Victim declined escape, Paxton torture trial hears

A man who worked with Dustin Paxton and the man he is accused of confining and assaulting testified in court that the alleged victim looked like he was beaten up on a daily basis.

A man who worked with Dustin Paxton and the man he is accused of confining and assaulting testified in court that the alleged victim looked like he was beaten up on a daily basis.  

Lloyd Youngblut, who worked as a driver for Paxton’s moving company from late 2009 to early 2010, was the latest to testify at the Calgary-based trial.

Paxton, 31, is charged with forcible confinement, aggravated assault and sexual assault of a 27-year-old man, who was his employee and roommate.

The latest witness to testify in the torture trial of accused Dustin Paxton, shown in this court sketch, says he offered the victim a place to stay, but was turned down. (Courtesy Sharon Sargent)

The man, who once weighed 200 pounds, was dropped off at a Regina hospital in April 2010 — disfigured, suffering broken bones and brain damage — weighing only 87 pounds, according to police.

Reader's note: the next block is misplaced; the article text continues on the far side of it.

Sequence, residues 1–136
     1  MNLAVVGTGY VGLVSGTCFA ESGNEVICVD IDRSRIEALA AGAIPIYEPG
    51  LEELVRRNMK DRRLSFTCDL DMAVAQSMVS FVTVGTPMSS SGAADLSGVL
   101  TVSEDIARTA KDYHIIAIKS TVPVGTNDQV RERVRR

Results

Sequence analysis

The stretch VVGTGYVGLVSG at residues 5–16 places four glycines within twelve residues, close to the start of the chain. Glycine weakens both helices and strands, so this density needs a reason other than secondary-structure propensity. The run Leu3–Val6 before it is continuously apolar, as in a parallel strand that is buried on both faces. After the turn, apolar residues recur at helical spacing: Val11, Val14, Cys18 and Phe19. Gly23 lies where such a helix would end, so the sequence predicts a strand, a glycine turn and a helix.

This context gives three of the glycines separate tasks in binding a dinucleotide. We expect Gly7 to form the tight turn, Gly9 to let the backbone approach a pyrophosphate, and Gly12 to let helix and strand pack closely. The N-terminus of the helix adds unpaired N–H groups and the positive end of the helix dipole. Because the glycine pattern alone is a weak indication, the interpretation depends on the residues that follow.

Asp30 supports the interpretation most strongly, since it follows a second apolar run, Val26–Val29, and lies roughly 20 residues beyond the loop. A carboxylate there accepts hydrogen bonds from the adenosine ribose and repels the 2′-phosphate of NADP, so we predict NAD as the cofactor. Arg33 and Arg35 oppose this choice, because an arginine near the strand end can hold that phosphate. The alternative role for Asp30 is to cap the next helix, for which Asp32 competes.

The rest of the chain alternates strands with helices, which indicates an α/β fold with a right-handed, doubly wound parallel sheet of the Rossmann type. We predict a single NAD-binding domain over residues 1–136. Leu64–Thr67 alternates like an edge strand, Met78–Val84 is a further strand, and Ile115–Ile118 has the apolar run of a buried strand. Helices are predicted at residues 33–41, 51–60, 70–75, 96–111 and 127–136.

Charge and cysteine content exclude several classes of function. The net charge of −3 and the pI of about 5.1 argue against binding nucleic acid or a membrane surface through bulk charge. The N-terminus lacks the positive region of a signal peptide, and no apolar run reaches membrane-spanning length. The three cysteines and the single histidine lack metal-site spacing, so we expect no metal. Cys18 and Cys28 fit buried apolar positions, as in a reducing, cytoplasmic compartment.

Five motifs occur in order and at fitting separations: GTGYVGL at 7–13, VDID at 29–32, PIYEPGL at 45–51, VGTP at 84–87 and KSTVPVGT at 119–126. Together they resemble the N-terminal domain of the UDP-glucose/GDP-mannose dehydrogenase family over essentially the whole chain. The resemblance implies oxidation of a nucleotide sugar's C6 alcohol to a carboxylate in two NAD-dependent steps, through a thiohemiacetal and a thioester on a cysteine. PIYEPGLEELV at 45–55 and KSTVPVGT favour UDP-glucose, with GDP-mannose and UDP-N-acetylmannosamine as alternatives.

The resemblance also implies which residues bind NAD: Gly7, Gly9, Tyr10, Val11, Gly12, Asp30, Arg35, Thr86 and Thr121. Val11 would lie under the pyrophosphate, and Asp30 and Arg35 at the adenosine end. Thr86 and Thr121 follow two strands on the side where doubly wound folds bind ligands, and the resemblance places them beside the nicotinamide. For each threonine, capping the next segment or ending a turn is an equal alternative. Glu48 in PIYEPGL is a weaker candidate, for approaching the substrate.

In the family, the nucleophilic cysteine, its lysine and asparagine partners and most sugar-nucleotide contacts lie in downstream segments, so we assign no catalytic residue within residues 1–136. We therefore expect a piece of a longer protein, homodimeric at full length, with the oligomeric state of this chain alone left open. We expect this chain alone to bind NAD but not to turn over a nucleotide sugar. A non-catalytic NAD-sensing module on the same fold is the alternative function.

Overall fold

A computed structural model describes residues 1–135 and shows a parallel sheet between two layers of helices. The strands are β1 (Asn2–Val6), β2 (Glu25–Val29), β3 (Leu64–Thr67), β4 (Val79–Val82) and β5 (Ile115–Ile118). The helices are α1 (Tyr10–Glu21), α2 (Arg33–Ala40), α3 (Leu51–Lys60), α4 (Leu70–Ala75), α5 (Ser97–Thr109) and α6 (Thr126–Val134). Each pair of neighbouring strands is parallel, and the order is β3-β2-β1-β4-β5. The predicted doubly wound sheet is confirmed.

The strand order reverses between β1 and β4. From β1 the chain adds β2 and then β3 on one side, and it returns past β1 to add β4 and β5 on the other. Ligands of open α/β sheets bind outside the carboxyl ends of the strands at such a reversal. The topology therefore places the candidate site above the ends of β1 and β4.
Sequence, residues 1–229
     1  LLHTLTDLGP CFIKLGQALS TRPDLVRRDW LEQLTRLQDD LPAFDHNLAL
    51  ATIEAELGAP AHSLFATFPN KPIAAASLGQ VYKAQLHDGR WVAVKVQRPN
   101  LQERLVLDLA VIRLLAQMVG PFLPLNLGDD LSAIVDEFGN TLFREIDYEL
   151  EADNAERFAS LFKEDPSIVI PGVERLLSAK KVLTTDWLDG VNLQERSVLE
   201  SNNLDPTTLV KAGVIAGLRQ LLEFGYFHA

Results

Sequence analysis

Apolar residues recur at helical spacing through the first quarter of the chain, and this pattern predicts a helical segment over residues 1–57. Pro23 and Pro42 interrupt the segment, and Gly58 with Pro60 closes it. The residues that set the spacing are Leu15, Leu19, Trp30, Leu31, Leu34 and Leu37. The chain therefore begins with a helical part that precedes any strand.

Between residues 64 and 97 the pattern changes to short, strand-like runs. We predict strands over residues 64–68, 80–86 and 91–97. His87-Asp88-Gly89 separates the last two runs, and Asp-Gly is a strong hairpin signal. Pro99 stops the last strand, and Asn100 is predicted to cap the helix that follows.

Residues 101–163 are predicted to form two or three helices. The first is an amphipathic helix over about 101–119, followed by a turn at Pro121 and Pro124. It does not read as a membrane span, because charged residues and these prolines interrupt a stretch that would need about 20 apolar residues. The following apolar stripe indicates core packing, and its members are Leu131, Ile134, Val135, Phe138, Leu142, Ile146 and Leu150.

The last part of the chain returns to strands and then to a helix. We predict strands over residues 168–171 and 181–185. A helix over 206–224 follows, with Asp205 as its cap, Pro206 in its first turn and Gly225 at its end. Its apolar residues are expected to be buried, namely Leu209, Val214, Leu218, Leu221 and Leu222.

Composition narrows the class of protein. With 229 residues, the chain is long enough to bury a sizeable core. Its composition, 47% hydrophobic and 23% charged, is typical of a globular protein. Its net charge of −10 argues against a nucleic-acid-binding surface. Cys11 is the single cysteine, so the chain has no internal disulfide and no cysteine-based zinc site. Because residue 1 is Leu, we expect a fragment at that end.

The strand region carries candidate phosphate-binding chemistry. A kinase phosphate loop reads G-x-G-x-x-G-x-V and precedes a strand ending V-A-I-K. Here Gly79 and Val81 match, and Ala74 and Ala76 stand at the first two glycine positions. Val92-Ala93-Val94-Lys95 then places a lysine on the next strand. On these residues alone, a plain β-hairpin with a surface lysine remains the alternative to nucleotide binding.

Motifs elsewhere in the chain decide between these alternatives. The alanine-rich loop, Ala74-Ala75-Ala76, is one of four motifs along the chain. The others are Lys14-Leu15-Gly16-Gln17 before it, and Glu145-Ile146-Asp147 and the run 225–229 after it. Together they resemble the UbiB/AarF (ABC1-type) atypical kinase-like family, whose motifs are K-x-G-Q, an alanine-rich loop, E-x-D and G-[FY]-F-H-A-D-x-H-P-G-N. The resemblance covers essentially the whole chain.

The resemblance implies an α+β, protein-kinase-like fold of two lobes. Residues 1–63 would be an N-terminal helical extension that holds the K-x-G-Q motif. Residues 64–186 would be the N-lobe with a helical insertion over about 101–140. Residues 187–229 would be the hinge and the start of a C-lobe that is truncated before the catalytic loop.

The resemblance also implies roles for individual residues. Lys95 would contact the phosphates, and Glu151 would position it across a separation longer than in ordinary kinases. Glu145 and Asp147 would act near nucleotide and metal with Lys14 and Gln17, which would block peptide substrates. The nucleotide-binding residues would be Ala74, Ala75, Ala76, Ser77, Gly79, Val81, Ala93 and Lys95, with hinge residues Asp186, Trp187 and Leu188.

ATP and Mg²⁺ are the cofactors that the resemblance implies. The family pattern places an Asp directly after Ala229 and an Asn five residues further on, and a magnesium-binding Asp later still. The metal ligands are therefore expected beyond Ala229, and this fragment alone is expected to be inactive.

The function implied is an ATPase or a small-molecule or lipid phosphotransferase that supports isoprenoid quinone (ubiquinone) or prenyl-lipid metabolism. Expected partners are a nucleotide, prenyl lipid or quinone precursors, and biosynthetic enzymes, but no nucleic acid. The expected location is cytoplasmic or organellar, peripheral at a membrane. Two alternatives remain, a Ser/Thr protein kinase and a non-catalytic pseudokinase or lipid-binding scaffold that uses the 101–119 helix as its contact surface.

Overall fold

Youngblut, 29, said he often saw Paxton punch, kick and verbally abuse the man.

Paxton, said Youngblut, blamed the man for everything. On one occasion, a customer called to cancel a job and Paxton put the man's head through a wall, he testified.

Youngblut said he offered the man a place to stay but his offer was refused.

"He wouldn't give me a straight answer why, he just said he didn't want to. I assumed it was because he was scared of Mr. Paxton," he testified.

Scharie Tavcer, an associate professor in the Department of Justice Studies at Mount Royal University, said those preyed on in abusive relationships may stick around for a multitude of reasons — they may have intimate feelings for the abuser, they may share a mortgage, or have a company together.

"We need to understand the confines of that abusive relationship. There are so many layers going on including brainwashing, including fear – 'If you tell anyone, I will kill the dog,'" said Tavcer, in an interview with CBC News.

Tavcer said those that abuse may suffer from sadist or anti-social tendencies.

"There are abusers who do not have personality disorders but are simply people who have learned to use anger and aggression to get their needs met. To express their emotions — learned behaviour."

Another former employee of Paxton's was scheduled to testify Thursday but did not show up.

The Crown has said it plans to call 50 witnesses in the trial, which is set to last five weeks. Paxton's alleged victim is expected to take the stand in mid-October.

A publication ban prohibits naming him or other witnesses that could lead to identifying him.